Jan. 26, 2008
Who’s the greatest artist of all time? Rembrandt? Picasso? Michaelangelo?
OK, so I’m posing the question in jest.
It’s just that much of our culture seems dedicated to determining the "best" this or that.
Most of the latest "reality" TV shows, it would seem, reflect that preoccupation. The shows start with a group of individuals who want to be the next pop idol, top model, super clothes designer, or the last remaining "survivor." Each eliminated contestant is exposed to belittlement of one sort or another, with "judges" or fellow contestants pointing out their failures--before they are given the hook.
A recent sports column concerned itself with the swirl of controversy over which professional football team is the best of all time, the 1972 Dolphins or the current Patriots, both undefeated. A former Dolphin, who held that his team was the better of the two, was ridiculed by the writer of the article as having a "deteriorating mind." The former players who argued in favor of their team were labeled in the headline as "grumpy old men."
The second place team in the super bowl is labeled a "loser" because they "can't win the big one." The golfer who comes in second is often described as "choking" or as having blown his chances. Hey, you critics, the guy had to be one hell of a golfer just to get there!
Yes, we put blue ribbons on the "best" jar of pickles, the "best" long-eared rabbit, the "prettiest" girl in America, the "prettiest" girl in the Universe, and, of course, the "best looking" Holstein cow.
At one time I thought that winning ribbons was the way to achieve artistic recognition. I entered shows and fretted over whether the "judges" would find my work worthy. For some reason that didn't feel right, however. Then I asked myself, let's imagine a show with Picasso, Rembrandt, Michaelangelo, DaVinci, and Rodin all competing. Who would "take" best of show? What "faults" would the judges find in the works of the non-winners to support their decisions? Do I even care which would be declared the best? How would that change my perception of their work?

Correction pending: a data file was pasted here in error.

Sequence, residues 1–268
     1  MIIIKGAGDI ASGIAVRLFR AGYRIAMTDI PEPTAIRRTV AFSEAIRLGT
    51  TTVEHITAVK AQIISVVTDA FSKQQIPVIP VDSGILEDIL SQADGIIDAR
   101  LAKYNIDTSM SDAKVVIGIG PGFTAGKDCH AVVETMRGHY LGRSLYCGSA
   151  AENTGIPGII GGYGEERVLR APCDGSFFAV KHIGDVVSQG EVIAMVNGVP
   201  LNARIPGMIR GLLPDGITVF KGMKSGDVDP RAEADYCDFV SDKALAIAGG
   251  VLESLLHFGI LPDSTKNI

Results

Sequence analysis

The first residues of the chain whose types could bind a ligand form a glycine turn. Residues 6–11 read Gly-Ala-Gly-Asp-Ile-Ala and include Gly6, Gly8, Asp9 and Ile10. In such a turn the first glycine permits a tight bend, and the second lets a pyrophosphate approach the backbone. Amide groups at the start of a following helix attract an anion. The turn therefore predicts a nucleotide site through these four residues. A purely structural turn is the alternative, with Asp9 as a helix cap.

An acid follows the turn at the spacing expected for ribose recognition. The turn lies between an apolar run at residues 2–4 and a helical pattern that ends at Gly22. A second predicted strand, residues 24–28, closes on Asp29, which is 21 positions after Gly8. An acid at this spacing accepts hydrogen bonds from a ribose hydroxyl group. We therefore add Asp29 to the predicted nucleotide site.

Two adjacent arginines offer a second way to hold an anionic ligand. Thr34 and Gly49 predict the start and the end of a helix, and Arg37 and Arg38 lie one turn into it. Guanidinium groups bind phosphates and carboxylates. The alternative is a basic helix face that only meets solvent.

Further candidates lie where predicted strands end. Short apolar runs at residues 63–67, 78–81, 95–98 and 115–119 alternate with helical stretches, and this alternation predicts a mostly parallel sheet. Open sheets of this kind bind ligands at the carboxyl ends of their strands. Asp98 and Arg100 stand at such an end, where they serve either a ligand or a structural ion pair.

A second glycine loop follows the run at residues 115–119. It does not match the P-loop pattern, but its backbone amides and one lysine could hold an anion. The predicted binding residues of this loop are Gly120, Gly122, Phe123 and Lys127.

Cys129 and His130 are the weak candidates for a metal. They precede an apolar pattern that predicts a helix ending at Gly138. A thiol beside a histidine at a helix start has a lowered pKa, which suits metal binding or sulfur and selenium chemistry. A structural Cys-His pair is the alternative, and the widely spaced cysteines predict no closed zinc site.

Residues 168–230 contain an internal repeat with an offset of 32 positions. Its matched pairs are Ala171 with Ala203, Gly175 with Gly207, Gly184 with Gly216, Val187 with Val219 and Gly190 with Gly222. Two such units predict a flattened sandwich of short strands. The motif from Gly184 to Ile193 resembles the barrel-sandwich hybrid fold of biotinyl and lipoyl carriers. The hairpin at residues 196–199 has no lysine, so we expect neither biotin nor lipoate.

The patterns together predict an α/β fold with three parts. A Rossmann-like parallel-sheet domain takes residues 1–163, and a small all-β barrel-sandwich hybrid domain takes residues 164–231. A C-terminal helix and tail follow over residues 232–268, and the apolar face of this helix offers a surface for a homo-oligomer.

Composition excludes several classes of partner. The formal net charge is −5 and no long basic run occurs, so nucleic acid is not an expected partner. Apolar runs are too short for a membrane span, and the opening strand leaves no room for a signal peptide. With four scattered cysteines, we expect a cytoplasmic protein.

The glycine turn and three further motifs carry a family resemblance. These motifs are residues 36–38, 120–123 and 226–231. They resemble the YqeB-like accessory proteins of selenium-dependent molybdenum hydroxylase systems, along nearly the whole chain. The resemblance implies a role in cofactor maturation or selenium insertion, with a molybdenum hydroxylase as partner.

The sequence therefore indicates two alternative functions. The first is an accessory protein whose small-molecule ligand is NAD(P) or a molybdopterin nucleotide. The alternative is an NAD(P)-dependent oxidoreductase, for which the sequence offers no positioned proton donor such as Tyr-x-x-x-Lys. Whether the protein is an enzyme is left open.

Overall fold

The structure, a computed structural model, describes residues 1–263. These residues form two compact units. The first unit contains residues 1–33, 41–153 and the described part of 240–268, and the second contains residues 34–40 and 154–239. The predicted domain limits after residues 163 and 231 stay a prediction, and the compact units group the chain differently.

In my readings of art history I noted that many of the artist who were refused entry in shows in their time went on to become highly admired artists. The accepted artists who "beat them out," so to speak, have long been forgotten. Maybe winning a blue ribbon is a bad sign!
These days I no longer think of art as being a competitive deal and so I neither enter nor judge shows. Babe Ruth, Henry Aaron, Barry Bonds, and hundreds of others were tremendous athletes. I don’t need to rank them to admire them, and I don’t need to rank art to enjoy it. In fact, ranking the efforts of others seems to be a side game that does nothing to change the validity of the work they have done. That ribbon hanging on a work of art is, in fact, often a distraction. It takes you into "horse race" thinking rather than reflecting on the meaning of the work itself.
Just like politics.
Jan. 24, 2008
Web guru Steve Cloutier has been revamping my website, and you can readily see the amazing job he's been doing. He's also setting up a Blog page and a Recent Works page for me and patiently guiding me through the process of managing those pages myself.
That has only increased my appreciation of the work he has done. I'm used to working with a paintbrush, a pencil, or a mallet and gouges, not computer programs. I'm sure he's thinking it's pretty tough to retrain a wood carver! If this page ever appears on the website it's due to Steve's patience and persistence.
I hope to use this space now and then to mount my soapbox or simply to share some ideas about the arts. They've been a part of my life now for many years and I'm grateful for the opportunities I've had to share my passion for the arts.